Accessibility/Mobile Features
Skip Navigation
Skip to Content
Editorial News
Classified Sites

The Canadian Press - ONLINE EDITION

Amy Poehler's brother spins comedy out of his life in Sweden

This image released by NBC shows Greg Poehler as Bruce Evans from the comedy series

Enlarge Image

This image released by NBC shows Greg Poehler as Bruce Evans from the comedy series "Welcome to Sweden," premiering Thursday, July 10, on NBC. (AP Photo/NBC, Benjamin Thuresson)

NEW YORK, N.Y. - Seated at a dinner table surrounded by his girlfriend's relatives on his first day in Sweden, Greg Poehler couldn't help thinking that his experience in culture shock might make a good television show or movie someday.

Flash-forward 14 years and that instinct proved true. The couple married, moved to Stockholm six years after that initial visit and have three children. Amy Poehler's younger brother, 39, is now the writer, producer and star of NBC's summer comedy "Welcome to Sweden," premiering Thursday (9 p.m. EDT).

The understated romantic comedy changes some details: Greg was a lawyer and his character, Bruce, manages money for stars like Amy Poehler and Will Ferrell; Bruce's in-laws are nuts and Greg's are normal. But many of the details, like the struggle with a language barrier, are straight from Poehler's life.

"When I was writing the show, I realized that my own life was a little bit too well-adjusted and happy for us to do a true story," he said. "No one wants to watch a show where a guy moves somewhere and everything goes great, the family is very supportive. It's good for your life. It's not good for a sitcom."

His goal was a show with equal appeal for both markets, one that would feel like an American show to Swedes and like a quirky Swedish show to Americans.

The first part worked. Poehler made the show primarily in Stockholm with Swedish actors for Swedish television, and the 10-episode season was considered a hit when it aired starting in March. NBC had expressed interest in the idea prior to the series being made, but didn't agree to schedule it until after the full season successfully aired in Sweden. No matter what happens this summer on NBC, success in Sweden ensures a second season will be made.

The premiere features Poehler's sister as a self-absorbed star who fires Bruce as he tells her he's quitting his job to move to Sweden.

Greg Poehler had considered following Amy into show business until, as a 19-year-old, he visited for a weekend as she performed with a comedy troupe in Chicago. He was blown away by how good everyone was and figured he could never reach that level. Considering Amy's colleagues that weekend included Tina Fey, Stephen Colbert and Steve Carell, perhaps he was a little hard on himself.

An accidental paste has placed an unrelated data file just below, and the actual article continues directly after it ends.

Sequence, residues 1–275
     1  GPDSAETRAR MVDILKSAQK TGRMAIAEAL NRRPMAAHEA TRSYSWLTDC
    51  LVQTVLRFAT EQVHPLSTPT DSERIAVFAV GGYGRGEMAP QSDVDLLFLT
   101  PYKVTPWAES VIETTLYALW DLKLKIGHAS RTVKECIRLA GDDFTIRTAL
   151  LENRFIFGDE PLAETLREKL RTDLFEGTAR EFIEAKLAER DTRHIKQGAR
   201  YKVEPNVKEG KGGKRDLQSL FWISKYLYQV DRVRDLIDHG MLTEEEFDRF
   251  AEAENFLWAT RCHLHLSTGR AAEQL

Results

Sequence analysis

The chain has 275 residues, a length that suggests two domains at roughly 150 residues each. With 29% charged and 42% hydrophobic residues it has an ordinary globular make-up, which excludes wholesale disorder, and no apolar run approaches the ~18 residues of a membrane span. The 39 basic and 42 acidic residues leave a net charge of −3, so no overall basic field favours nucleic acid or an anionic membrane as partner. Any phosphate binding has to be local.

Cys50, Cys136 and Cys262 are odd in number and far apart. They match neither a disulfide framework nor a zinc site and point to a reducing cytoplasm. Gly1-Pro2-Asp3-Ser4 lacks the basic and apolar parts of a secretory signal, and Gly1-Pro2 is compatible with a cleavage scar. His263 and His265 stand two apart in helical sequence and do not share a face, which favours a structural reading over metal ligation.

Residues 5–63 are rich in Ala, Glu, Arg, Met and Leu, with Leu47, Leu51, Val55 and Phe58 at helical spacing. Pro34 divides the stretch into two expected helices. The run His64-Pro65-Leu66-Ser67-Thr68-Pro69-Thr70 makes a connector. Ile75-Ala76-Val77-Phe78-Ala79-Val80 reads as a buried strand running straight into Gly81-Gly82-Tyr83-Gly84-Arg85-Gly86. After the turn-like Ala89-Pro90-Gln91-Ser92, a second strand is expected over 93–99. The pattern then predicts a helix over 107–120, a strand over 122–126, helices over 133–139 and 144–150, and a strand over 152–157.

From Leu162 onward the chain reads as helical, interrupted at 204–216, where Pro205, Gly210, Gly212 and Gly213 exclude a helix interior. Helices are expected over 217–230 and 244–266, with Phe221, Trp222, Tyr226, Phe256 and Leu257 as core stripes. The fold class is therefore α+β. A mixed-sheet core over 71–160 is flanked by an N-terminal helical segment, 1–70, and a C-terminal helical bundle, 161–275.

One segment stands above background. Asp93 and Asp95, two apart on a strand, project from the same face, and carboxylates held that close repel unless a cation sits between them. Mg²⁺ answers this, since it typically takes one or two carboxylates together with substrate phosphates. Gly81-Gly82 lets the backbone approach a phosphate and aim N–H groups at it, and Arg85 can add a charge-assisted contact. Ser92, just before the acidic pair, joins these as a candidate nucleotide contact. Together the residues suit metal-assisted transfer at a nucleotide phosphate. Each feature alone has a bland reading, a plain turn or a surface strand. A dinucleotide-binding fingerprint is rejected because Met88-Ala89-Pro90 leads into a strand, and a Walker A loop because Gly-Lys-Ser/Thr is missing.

He took another path, marrying a fellow New York lawyer with Swedish roots. An unscratched itch led him to try performing at a Stockholm comedy club two years ago. It went well, leading him to write the show.

Poehler acknowledges the benefits of having a successful sibling; he figures even Swedish TV producers gave him the benefit of the doubt knowing the bloodlines (Amy is an executive producer, and called on friends like Ferrell for cameos).

At the same time, it adds pressure. "Welcome to Sweden" relies more on character development than steady wisecracks, and more often than not his character is a straight man to others.

"I cringe a little bit when I hear people say, 'he's not as funny as his sister' in this role," he said. "I gave her all the funny lines, as a good younger brother should."

Asked when he finally felt at home in Sweden, Poehler said he hasn't yet. Even with support, there are challenges to fully assimilating into another culture, as immigrants of all generations know. Poehler said he didn't want to shy away from this in the series.

He eventually expects to return to the United States, where his parents still live.

"The plan was always to move back once the kids went to college," said Poehler, who has sons aged 9 and 6, and a 1-year-old daughter. "Now we just had our third kid, so that keeps getting pushed back."


David Bauder can be reached at or on Twitter@bauder. His work can be found at



  • Rate this Rate This Star Icon
  • This article has not yet been rated.
  • We want you to tell us what you think of our articles. If the story moves you, compels you to act or tells you something you didn’t know, mark it high. If you thought it was well written, do the same. If it doesn’t meet your standards, mark it accordingly.

    You can also register and/or login to the site and join the conversation by leaving a comment.

    Rate it yourself by rolling over the stars and clicking when you reach your desired rating. We want you to tell us what you think of our articles. If the story moves you, compels you to act or tells you something you didn’t know, mark it high.

Sort by: Newest to Oldest | Oldest to Newest | Most Popular 0 Commentscomment icon

You can comment on most stories on You can also agree or disagree with other comments. All you need to do is register and/or login and you can join the conversation and give your feedback.

There are no comments at the moment. Be the first to post a comment below.

Post Your Commentcomment icon

  • You have characters left

The Brandon Sun does not necessarily endorse any of the views posted. Comments are moderated before publication. By submitting your comment, you agree to our Terms and Conditions. New to commenting? Check out our Frequently Asked Questions.


Make text: Larger | Smaller

Brandon Sun Business Directory
The First World War at 100
Why Not Minot?
Welcome to Winnipeg

Social Media